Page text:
By Kohei Kawashima

Techy detailing featured in most of the collection, including one cobalt and black shearling jacket, the lines and moto-esque wrist buckles of which made it feel more fashion than fare for snowboarding. The pieces layered underneath, shiny and warm-looking wool sweaters and pants, truth be told, are just very good winter basics (some actual, practical ready-to-wear isn't unwelcome). Other techy, athletic-influenced pieces, like a blue tunic with exquisite lines, a white button-down with a kilted angle on the front, and one ensemble featuring a pencil skirt, trousers, trench vest, and slim striped sweater all in monochrome, were absolutely wearable—they read as upgrades to the basics they're based off of, a surprising blend between business or streetwear and athletic wear. Though sporty influences so often tend to be bland, done, and simply unpretty and unartistic, the infusion in ICB's collection was impeccably done.

FILM & TV

'Dolores' documentary closes Athena Film Fest with cheers

The biographical documentary about legendary labor activist Dolores Huerta is the intersectional story we need right now.

IMDb

Activism. Civil rights. Racism. Politics. Labor.

While Martin Luther King, Jr. was leading the charge for social change on the East coast, another revolution was underway out west. Though many know who Cesar Chavez was, fewer know of Dolores Huerta, an equally important figure in the labor rights and immigrant rights movement that began in California in the 1960s. That's what the documentary Dolores, which premiered in New York February 12 at Athena Film Festival (after its world premiere at Sundance last month), sought to change.

Peter Bratt's documentary tells the story of Dolores and her cause, an often grisly one, in an engaging and exciting spirit—not unlike the feeling of civic action itself, fighting the good fight against seemingly unsurmountable odds. The tone is set immediately, as the opening sequence intercuts soundbites about Huerta with lively music and clips of dancing. Despite heavy subject matter, the film isn't out to beat its viewers over the head with information or to depress them—it's a celebration of Dolores' accomplishments and her drive. Interviewees range from Dolores' children to figures like Gloria Steinem, sprinkling footage of Huerta being praised by politicians of decades ago and of late for her work.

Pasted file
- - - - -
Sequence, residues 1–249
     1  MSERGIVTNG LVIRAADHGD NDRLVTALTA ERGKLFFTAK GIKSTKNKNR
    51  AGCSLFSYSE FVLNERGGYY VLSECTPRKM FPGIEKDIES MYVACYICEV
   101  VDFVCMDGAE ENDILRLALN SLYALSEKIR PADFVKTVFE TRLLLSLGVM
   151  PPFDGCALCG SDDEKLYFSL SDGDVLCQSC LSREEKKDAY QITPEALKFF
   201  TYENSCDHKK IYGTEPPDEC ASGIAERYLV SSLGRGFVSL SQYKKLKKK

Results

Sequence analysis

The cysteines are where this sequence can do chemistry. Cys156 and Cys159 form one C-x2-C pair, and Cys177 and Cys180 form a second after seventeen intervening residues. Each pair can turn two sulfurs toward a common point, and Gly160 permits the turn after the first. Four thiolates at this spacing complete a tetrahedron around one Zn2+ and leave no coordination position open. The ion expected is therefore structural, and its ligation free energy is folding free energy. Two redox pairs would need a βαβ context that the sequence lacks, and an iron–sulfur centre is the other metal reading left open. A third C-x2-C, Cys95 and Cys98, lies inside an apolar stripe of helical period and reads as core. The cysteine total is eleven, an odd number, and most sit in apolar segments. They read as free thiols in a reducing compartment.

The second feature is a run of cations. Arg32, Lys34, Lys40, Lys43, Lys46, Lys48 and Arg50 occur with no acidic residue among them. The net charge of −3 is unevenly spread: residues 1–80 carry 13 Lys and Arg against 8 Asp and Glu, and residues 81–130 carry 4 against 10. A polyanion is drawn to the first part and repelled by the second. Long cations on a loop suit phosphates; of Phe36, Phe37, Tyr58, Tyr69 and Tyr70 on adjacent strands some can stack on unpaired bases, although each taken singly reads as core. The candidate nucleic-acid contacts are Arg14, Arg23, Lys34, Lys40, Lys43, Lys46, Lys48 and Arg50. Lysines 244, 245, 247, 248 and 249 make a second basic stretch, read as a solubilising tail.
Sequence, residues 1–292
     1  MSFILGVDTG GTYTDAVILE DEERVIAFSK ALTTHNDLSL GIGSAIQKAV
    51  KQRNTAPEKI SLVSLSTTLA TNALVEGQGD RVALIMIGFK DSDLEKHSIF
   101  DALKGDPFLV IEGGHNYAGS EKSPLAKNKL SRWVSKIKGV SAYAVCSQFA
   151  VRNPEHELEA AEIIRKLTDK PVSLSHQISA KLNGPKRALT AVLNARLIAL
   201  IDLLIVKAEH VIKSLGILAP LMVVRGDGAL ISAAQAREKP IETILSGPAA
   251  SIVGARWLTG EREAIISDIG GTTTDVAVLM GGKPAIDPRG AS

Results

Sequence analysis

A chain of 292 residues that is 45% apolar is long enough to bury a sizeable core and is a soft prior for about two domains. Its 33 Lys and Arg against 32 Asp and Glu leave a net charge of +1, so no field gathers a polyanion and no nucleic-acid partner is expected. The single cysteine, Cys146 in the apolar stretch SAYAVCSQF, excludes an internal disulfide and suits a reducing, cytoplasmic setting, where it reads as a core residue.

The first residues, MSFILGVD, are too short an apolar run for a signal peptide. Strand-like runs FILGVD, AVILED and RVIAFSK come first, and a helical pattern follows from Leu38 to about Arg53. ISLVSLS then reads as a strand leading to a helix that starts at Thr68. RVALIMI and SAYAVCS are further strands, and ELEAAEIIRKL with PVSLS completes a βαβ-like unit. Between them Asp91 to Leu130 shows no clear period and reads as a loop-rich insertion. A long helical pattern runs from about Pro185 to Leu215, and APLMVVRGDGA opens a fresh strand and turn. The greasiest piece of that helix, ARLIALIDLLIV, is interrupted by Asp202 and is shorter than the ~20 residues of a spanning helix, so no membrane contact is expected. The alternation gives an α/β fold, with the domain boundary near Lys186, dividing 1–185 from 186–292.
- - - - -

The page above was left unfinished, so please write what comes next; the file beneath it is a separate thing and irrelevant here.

This is important, and well-deserved. The conditions Huerta was organizing to fight against were gruesome: in the 1960s, undocumented immigrants were easy targets for labor exploitation, underpaid for arduous, long hours working for the agriculture industry. (Sound familiar?) What's worse, the gratuitous use of dangerous pesticides had led to cancer clusters in children whose mothers worked in agriculture and were constantly exposed to the chemicals. Birth defects and stillbirths were rampant. And the connection to current events, the fact that so many of these issues are still not resolved, makes this an important time for this story to be told.

Still, the film manages to cover this awful truth, sparing no detail or image, without detracting from the celebration of Huerta's well-earned legacy. The history is told chronologically, weaving in national figures and events such as the death of Robert F. Kennedy, who had vocally supported Huerta and the National Farm Workers Association before his assassination in 1968. Such historical background helps contextualize the narrative for those who may be less clued in to the history of the labor rights movement. And the overall high-spirited tone of the documentary is appropriate, especially considering the focus of the festival, "a celebration of women and leadership." Huerta may be comfortable behind the scenes, putting her work before her name, but it's easy for women to go unsung while men become legends. Huerta deserves to be remembered, and the cheering audience that gathered with her to see this film—a room that included women of all ages, including Gloria Steinem and Dolores herself—ensures that she will.